Jonathan is the first character we meet in the novel, but he's hardly the most interesting. (Want proof? Keanu Reeves played him in Bram Stoker's Dracula. Okay: That's not totally fair... but Keanu Reeves never changes.)
Whenever he shares a scene with another character, he tends to be upstaged. Dr. Seward describes him as a "quiet, business-like gentleman," "uncommonly clever," and "full of energy" (17.41), but that's about all we hear about the young lawyer.
The other men often feel sorry for Jonathan because his wife, Mina, is one of Dracula's victims. And while Jonathan is brave enough to be the first to jump out at make a stab at Dracula, he's also the least experienced of the men at fighting or hunting. After all, the guy is a lawyer—he's spent most of his life studying and working various desk jobs. He doesn't have Quincey's experience hunting buffalo on the prairie in America, or Arthur's experience hunting foxes on the English countryside, or even Dr. Seward's experience wrestling with homicidal maniacs in an asylum.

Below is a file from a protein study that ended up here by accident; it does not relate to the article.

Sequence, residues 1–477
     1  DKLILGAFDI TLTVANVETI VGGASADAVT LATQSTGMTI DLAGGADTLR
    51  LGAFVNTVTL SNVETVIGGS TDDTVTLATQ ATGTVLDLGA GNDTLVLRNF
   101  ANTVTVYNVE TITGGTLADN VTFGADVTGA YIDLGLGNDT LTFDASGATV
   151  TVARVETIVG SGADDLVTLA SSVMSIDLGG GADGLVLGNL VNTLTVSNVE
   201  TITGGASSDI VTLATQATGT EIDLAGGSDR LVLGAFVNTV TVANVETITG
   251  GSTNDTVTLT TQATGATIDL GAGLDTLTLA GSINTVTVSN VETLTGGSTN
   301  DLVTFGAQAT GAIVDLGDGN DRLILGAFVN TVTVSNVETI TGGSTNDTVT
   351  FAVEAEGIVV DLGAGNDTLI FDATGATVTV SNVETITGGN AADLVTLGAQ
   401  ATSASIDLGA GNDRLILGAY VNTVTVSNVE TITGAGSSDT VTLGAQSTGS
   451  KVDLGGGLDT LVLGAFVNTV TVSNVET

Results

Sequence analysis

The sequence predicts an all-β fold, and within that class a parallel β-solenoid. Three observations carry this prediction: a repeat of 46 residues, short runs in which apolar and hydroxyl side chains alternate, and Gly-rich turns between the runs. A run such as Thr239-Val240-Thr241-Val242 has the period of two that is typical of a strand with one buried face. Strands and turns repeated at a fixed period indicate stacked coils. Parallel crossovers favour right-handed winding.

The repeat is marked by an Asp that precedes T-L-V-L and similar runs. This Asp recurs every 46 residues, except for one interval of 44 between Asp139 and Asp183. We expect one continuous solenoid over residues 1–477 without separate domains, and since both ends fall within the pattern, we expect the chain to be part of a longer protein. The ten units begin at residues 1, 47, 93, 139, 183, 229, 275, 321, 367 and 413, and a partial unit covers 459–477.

He speaks several foreign languages and can tell you more than you wanted to know about the English legal system, but that's about it. Overall, he's pretty ordinary... just your average middle-class English guy. Brave when he has to be, but otherwise pretty quiet. Maybe Stoker wanted to have an average character to balance out the eccentric, extraordinary characters like Van Helsing.